Letters to The Editor 12-18-19
Published 9:17 pm Tuesday, December 17, 2019
Know when to stop
Editor, Smithfield Times
Respecting your editorial of Dec. 11, it truly appears that the road to hell is paved with good intentions. Mr. Luter and Lawrence Pitt gave us a precious gem, and it is vitally important that those in positions of town financial, political and other influence who would “improve” the park into oblivion (and “leave their mark,” as you said) be kept in check. How to do that is the big question. As any competent artist or cook will tell you, you have to know when to stop “improving” your work, lest it be irretrievably turned into something muddy or unpalatable. Same with the park!
Editor, Smithfield Times
Thank you for your editorial, “Keep park uncluttered,” in the Dec. 11 issue.
The subject is one about which I have been privately grousing for some time, because I do not think that Mr. Luter’s generous, thoughtful and — so far — scenic gift is being revered as it should be.
Well-meaning busybodies conjure up clutter, the construction and maintenance for which taxpayers will ultimately bear the cost, while the “feel good” person congratulates himself or herself with a pat on the back because they are “activists,” a word that is now on my list of pejoratives.
While the threat of clutter goes up, scenic trees go down, so that “Event” attendees and other visitors to Windsor Castle Park can have a stellar view of the oh, so fabulous structure of Smithfield Station.
Decades ago the President of General Motors declared that what was good for GM was good for the country. Presently and locally, we are now to believe that what is good for Smithfield Station is good for Smithfield.
What we are getting: emboldened “activists;” more clutter in the Park; ever-increasing taxes (including for superfluous ballfields and money-gobbling bike and hikes); fewer trees; and a Town Council that seems to say “Yes” to every request that comes along.
Onward and downward, Smithfield! Onward and downward.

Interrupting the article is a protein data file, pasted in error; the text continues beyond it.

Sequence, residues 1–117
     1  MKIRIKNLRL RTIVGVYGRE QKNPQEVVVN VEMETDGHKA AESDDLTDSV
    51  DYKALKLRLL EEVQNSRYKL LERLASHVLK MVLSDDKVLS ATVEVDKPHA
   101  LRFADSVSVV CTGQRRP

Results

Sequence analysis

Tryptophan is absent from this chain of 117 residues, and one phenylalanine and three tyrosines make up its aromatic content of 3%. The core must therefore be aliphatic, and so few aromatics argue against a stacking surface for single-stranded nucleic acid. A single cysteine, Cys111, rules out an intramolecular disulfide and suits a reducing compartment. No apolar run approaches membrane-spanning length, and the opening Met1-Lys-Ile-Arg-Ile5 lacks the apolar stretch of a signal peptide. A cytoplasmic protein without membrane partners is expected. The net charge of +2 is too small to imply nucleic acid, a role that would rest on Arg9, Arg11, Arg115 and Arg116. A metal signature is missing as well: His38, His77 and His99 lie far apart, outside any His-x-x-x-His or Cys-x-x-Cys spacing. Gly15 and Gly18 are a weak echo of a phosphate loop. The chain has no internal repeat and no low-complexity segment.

Allan C. Hanrahan
Be honest about history
Editor, Smithfield Times:
In these times of “alternate facts”, it would be glaringly remiss to just let the letter(Dec. 11) this week, “Slavery Not Significant in Va. Past”, fade on by. Just because Thanksgiving is the loveliest, non-materialistic, and most family-oriented holiday we have, does not mean that it isn’t high time we as a Nation acknowledge the Pilgrims’ history has been major-league whitewashed. It was fun as a child to make pilgrims with tall black hats and buckled shoes, out of construction paper, and hand-print turkeys, and the like. But it wasn’t the truth of the matter. Letters like Ms. Evans’, as grammatically well-written as it was, aren’t factual, and are dangerous to ignore.
A quick googling of “Slavery In Virginia” affords scads of information, notably that slavery began here almost upon those Pilgrims first stepping onshore, in the early 1600’s. In 1661, Virginia passed a law authorizing slavery. More than two hundred years later, slaves were more than 30 percent of Virginia’s overall population. These are very significant facts. The history that has been taught in our schools regarding the treatment of Native Americans has been a cover-up. And Ms. Evans would have us go on in blissful (if you’re white) denial of the further ghastly treatment of African Americans in Virginia. Four hundred years after the travesty of slavery began, it might be time to be honest with school children that our past wasn’t pretty, despite the fact that we have tried in it’s aftermath, better than many nations, to honor our Constitution: All men are created equal. We are to this day still working this out, and have a lot to do yet.